Embarcadero just announced a change in how they will name the next release of RAD Studio but first a little history of Delphi version numbering... based on my notes and memory Turbo Pascal 1.0 came out back in 1983 and was sequentially named as 2.0, 3.0...up to Turbo Pascal 7.0 (with the addition of Turbo Pascal for Macintosh.) The Windows version was released in 1991 and the versioning started over as Turbo Pascal for Windows 1.0. Borland released Turbo Pascal for Windows 1.5 and then combined the DOS and Windows products into Borland Pascal 7.0 in 1992 (which was the precursor to Delphi.)
Borland Delphi was released in 1995 and started out as version 1 and was followed by Delphi 2, 3, etc. up until Delphi 7 in 2002. The next custom release was Delphi 8 for .Net and then Borland changed the version naming on the next major release starting with Delphi 2005. The next major release was 2006 and then CodeGear kept the versioning as 2007 (and 2007 for .Net) and then Embarcadero continued this version naming with 2009 and 2010 before introducing the XE version back in 2010.
Embarcadero kept the XE versioning with XE2, XE3... up until XE8 in 2015 before changing to 10 Seattle in 2015 (which coincided with Microsoft releasing Windows 10 in 2015.) This was followed by more city named releases with 10.1 Berlin, 10.2 Tokyo, 10.3 Rio and the latest 10.4 Sydney. These 10 city-named major versions had point releases throughout the year as well (for example, 10.3 Rio Update 1, followed by Update 2 and 3.)
Everyone was expecting a 10.5 city named version for the next major release sometime this Fall but Microsoft has somewhat unexpectedly announced Windows 11 as the next major release for Windows and Embarcadero is following along by renaming the next major release as 11 (see their recent blog post announcement.)
Apple is ahead of the game by abandoning their long used macOS 10 version numbering in 2020 with macOS 11 Big Sur with the next version being macOS 12 Monterey (they started with Mac OS X 10.0 Cheetah back in 2001.)
Android joined the 10x version party with the introduction of Android 10 in 2019 after years of names like Cupcake, Donut, Jelly Bean and KitKat. They followed Apple dumping the 10x version number in 2020 with the introduction of Android 11 and the next version is expected to be Android 12.
So it certainly seems like the death of the 10x versions for now! This will be the fifth major version number scheme used for Delphi. As far as RAD Studio goes, if they continue with the same numbering conventions of the past, RAD Studio 11 will be Delphi product version 28, Studio version 22, Compiler version 35, and Package version 280. (How about we start all versions with 420 and call it a day?)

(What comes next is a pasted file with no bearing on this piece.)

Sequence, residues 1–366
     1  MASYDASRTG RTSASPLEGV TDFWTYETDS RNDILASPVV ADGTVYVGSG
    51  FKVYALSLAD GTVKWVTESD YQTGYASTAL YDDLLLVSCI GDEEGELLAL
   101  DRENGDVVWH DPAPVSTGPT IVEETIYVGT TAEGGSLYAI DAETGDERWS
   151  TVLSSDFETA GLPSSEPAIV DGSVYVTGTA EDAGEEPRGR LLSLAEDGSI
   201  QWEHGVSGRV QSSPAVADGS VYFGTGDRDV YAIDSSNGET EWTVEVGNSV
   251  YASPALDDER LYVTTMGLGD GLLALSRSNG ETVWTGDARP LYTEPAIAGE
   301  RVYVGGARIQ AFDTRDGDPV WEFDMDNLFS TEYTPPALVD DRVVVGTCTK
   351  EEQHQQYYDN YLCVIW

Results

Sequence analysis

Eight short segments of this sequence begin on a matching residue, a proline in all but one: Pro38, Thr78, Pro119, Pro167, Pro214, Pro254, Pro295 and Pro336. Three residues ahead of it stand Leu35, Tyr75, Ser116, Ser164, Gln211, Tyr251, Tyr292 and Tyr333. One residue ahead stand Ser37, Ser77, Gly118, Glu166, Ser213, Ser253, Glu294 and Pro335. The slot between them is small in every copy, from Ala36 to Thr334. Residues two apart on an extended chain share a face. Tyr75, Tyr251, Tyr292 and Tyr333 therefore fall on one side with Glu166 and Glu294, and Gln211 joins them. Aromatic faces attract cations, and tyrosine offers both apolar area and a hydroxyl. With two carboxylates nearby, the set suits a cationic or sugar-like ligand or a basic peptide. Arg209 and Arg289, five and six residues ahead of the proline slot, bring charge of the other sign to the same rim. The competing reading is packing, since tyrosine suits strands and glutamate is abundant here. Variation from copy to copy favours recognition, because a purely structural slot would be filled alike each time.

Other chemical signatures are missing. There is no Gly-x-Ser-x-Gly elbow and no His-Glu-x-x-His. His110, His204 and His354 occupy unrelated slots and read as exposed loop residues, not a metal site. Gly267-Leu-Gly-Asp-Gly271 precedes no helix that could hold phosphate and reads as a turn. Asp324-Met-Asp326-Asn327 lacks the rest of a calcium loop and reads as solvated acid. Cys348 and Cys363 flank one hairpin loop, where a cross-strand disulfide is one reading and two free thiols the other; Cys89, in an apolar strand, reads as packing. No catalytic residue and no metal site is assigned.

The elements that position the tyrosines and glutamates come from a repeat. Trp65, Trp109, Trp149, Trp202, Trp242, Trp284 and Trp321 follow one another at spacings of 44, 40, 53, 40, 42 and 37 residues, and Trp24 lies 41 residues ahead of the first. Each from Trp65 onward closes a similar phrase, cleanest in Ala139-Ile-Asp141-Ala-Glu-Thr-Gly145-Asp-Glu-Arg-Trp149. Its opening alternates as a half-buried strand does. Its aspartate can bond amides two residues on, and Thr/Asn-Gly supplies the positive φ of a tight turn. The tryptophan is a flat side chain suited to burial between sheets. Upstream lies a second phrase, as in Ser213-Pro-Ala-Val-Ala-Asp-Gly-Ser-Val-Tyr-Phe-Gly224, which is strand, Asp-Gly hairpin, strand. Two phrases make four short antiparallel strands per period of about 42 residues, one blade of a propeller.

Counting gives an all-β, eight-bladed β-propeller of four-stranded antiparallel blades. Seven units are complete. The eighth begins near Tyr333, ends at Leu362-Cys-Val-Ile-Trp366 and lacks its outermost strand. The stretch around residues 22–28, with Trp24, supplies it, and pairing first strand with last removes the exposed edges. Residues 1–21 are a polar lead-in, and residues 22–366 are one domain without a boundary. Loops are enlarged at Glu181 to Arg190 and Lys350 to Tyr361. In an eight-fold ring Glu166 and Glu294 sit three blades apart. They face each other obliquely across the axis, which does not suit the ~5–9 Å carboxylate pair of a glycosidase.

If you want to get in on the new version fun, you can test this code-named Olympus beta version of 11 as long as you have an active update subscription agreement. You should have already received a Beta invite via email, but if you haven't yet received this invitation yet you should reach out to your sales rep or reseller to get access.
Note that there are currently two types of Update Subscriptions available, a Standard and Premium edition (see their support page for a comparison.) In addition, Marco Cantu recently stated on Twitter that the offerings will be enhanced very soon including a "Premium Beta" and other benefits added to the Premium update subscription edition.
If you need to renew your update subscription, you can use this online form to have someone from Embarcadero reach out to you to process your renewal.
What's coming in RAD Studio 11 that we should see released sometime this Fall? You can check out details on our wiki page with all known links and info for the upcoming version. As with all plans, nothing is set in stone until the item is shipped but their roadmap includes some cool new features like a High-DPI aware IDE, VCL Style support within the form designer, macOS ARM 64-bit support (for the new M1 Apple Silicon CPUs with macOS 11), and FMX form designer improvements. As with the last few releases, also look for many bug fixes and smaller improvements.
If you'd like to discuss Delphi issues on Slack, here is an invite link to a Delphi Programmers Slack Channel which was created earlier this year and has grown to over 290 members. For those that prefer Telegram, there is a Telegram Delphi Developer Group which has grown to over 450 members (and has much more activity than the Slack group.) You can also reach me directly on Twitter or LinkedIn.